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• The Shea tree has been named the “Tree of Life”, a nickname earned for its ability to address numerous skin, hair, and health conditions. “Nature's Conditioner” is a nickname that Shea Butter has earned for its exceptional moisturizing and conditioning properties.

• Shea Butter is obtained from the seeds of the fruits of the Shea Tree.

• Topically used Shea Butter is known as an oil that nourishes the skin, increasing its clarity and solving problems such as dryness, blemishes, dark spots, discoloration, stretch marks, and wrinkles without clogging the pores.

• Shea Butter used in the hair moisturizes and nourishes from root to tip, protects against dryness and brittleness, and repairs without leaving any residue.

• Shea Butter Oil used in massages supports skin elasticity and flexibility, increases collagen production, and increases circulation while supporting the regeneration of skin cells.

• Shea Butter prevents bacteria that irritate the skin and causes acne from staying on the skin, relieves nasal congestion, creates a barrier that protects the skin from harsh environmental factors, and facilitates care.


Shea trees are native to the Savanna regions of West Africa, where about 500 million of them grow wild from Senegal to Sudan. Although attempts have been made to cultivate the tree in other regions, efforts have so far been fruitless. Shea Trees first begin bearing large, green, plum-like fruits when they are 10 to 15 years old, reaching their full bearing potential between 20 and 50 years of age. Known to have a life span of up to 200 years, the tree continues to bear fruit until this time.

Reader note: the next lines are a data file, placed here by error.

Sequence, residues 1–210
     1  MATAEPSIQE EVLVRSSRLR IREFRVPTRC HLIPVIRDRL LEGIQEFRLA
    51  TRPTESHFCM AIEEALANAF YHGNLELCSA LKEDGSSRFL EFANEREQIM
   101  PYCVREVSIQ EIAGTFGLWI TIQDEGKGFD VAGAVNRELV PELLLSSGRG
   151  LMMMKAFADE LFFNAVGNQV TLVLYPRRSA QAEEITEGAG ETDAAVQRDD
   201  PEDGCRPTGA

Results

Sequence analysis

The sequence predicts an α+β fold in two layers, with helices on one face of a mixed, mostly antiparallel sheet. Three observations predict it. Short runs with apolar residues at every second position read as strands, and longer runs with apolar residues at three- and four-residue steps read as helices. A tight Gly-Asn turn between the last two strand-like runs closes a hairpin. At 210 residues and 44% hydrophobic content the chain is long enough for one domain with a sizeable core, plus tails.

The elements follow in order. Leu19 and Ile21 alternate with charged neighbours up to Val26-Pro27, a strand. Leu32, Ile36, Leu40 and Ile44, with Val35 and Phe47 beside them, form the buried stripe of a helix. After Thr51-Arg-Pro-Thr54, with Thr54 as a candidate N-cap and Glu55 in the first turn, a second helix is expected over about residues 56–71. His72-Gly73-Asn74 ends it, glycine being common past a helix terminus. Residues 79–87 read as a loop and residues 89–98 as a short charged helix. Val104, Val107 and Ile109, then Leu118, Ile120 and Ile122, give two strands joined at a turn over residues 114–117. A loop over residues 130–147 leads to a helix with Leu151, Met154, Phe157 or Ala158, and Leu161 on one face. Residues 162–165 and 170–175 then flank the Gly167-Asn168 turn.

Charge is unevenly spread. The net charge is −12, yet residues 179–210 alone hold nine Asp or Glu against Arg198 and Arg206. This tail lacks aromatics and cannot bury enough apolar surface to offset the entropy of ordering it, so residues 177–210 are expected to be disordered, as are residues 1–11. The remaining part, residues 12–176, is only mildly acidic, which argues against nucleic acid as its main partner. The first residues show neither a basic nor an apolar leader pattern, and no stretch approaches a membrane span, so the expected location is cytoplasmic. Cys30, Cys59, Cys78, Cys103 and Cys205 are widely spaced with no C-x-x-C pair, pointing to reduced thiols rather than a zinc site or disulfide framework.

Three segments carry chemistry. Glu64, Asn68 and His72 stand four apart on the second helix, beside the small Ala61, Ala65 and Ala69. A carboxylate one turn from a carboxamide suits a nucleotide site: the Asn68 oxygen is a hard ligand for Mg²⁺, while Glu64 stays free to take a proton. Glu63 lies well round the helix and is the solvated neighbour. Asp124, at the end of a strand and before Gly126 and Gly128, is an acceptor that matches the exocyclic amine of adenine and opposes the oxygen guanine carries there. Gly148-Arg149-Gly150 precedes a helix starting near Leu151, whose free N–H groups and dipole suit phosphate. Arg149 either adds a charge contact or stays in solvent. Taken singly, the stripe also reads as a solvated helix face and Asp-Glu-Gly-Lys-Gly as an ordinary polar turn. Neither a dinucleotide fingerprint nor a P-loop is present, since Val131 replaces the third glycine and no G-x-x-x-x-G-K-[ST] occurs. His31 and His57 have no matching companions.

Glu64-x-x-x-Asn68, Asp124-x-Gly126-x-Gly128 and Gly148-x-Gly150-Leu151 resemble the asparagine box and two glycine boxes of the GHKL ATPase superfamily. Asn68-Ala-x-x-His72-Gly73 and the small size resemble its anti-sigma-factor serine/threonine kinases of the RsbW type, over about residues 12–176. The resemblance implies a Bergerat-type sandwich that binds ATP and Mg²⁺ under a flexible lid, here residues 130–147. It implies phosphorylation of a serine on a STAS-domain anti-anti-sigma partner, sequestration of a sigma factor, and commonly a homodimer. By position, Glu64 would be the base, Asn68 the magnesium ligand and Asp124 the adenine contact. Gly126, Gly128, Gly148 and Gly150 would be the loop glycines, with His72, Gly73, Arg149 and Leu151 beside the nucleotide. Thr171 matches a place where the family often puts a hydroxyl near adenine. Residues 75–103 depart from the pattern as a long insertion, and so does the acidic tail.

Shea trees begin blooming from late winter to early spring, usually between February and March. The green fruit ripens to a brown color during the summer months, usually between June and July. Starting from this period and entering Autumn, Shea berries begin to fall to the ground, usually in September. This allows for a natural, manual picking system during harvest time. 30% of the peanuts remain in the ground to germinate and add nutrients to the soil. One Shea tree can yield 15-20 kg of fresh Shea fruit, which will produce 3-4 kg of dry beans containing 42-48% fat (butter).

The immature Shea berries have a light green exterior known as the Epicarp, which protects the fleshy Mesocarp, also known as the Pulp. Most Shea fruits contain one or two Seeds, but some may have up to three. These are edible, oil-rich beans that are used to produce the extract known as Shea Butter, which is considered a vegetable oil. In the wild, Nuts/Seeds continue to be used by wind, rain, animals, and humans for the future growth of Shea trees.
Prepared by  T-Soft E-Commerce.